I started building my AJS is June of 2015 about 2 weeks after completing the Pre 65 Scottish of that year. I had ridden my 1961 Matchless in the trial and whilst it had performed admirably, I felt the bike just wasn’t competitive enough to get me up the result into the first class awards. That said, it did allow me to win the covetable Len Hutty award for best AMC rider over 350cc.
I had a choice, either rebuild my Matchless with a more competitive frame, rebore the engine to 400 or 410cc, upgrade the front forks and upgrade to a H cam. The Matchless is pretty much how it came out of the factory (give or take the cub hubs and Whitton yokes) and I felt it would be a shame to risk ruining what is a very nice original bike. In the end after a lot of deliberation, I decided on the second option, build a new bike taking the lessons I had learnt tweaking my Matchless and make it as competitive as I could.
I ride the Northern British Bike Championship and had admired the outstanding craftsmanship and looks of Chris Haighs beautiful Velocette bike and decided that was the quality I wanted to achieve. The problem was Chris Haigh is a very skilled engineer…..and i’m not! However, I have been riding trials bikes since I was 8 years old and most of my time on a trials bike has been spent following Mick Andrews around his land in Holloway, Derbyshire (about 1 mile from my parents house). I have therefore learnt a few of the intricacies of what makes a good bike.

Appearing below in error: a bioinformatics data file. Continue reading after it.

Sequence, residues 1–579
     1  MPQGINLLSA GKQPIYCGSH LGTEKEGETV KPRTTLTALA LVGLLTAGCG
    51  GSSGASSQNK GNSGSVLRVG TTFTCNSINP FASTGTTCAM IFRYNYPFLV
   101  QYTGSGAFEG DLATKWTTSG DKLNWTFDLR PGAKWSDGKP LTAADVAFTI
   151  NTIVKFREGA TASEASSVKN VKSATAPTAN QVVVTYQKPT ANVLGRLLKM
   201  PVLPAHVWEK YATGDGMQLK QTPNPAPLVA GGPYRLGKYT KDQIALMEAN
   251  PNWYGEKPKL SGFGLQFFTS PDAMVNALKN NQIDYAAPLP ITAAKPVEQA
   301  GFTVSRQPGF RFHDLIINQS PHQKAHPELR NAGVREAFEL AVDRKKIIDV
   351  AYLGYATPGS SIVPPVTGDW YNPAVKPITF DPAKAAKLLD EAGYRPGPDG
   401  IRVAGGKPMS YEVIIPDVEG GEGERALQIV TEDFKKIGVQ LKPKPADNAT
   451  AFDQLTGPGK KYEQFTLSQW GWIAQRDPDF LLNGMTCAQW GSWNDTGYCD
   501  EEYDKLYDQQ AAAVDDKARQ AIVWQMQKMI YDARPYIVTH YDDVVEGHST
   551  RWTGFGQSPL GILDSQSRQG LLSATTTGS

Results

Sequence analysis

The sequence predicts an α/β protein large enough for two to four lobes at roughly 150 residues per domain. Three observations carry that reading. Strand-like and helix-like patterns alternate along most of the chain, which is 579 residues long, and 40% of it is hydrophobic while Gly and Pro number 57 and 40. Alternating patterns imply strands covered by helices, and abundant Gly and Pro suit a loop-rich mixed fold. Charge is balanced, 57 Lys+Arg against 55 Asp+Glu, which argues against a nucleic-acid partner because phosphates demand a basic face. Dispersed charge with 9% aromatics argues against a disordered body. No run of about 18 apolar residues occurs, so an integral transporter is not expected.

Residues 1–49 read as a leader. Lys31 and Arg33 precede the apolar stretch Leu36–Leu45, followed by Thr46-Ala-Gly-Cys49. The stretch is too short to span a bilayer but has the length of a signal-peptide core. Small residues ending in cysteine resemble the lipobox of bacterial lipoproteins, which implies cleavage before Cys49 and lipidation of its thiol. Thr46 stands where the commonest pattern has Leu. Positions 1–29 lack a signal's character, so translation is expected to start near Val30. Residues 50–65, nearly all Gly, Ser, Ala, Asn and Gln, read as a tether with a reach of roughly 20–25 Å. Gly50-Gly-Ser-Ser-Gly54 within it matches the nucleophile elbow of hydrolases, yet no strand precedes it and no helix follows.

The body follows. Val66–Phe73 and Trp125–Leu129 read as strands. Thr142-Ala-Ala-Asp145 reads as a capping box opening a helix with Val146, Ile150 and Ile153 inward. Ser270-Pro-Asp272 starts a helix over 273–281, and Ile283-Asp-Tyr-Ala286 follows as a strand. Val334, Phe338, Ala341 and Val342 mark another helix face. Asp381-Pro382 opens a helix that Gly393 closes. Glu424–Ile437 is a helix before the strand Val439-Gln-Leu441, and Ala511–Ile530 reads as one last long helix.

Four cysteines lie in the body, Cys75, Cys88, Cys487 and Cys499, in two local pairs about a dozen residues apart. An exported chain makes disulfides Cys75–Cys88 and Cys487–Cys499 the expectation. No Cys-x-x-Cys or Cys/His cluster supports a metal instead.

I wanted another AMC machine, AJS and Matchless motorcycles are cracking machines and much less used than Ariels. That said there are less people making frames and trick mods for AMC machines. The first thing I needed was an engine.
Before I went to Scotland I had seen a AJS 18CS engine for sale on ebay. It was reportedly an ex Morris Hocking engine and the guy selling it wanted proper money for it. I bid on the engine but it didn’t meet the reserve and so emailed the guy to say I was going away (Scotland) but would get in touch with him when I got back to try and do a deal. Scotland came and went and as previously mentioned my old Matchless did me proud and helped me get the Len Hutty award. A couple of weeks after returning from Scotland I called the guy and went down to Birmingham to have a look at it. Well, as you can probably guess the deal was done.
Well with engine in hand the next thing I needed was a frame. I had met a guy in Scotland and mentioned to him that I wanted to build a bike and he said he was going to be building a new bike and he would sell me his frame. That was it, we were off until and chasing him for about 3 months he texted to say he had decided not to sell the frame. Back to square one, I called Andy Bamford who had said he may make some at the end of the summer but I needed one ASAP if I was going to build a bike before Scotland next year. Then my old mate Barry Burton saved the day, he had an early Bamford frame he would sell me. I collected the frame from the Welsh round of the NBBC and the build commenced.
Read Part 2 here………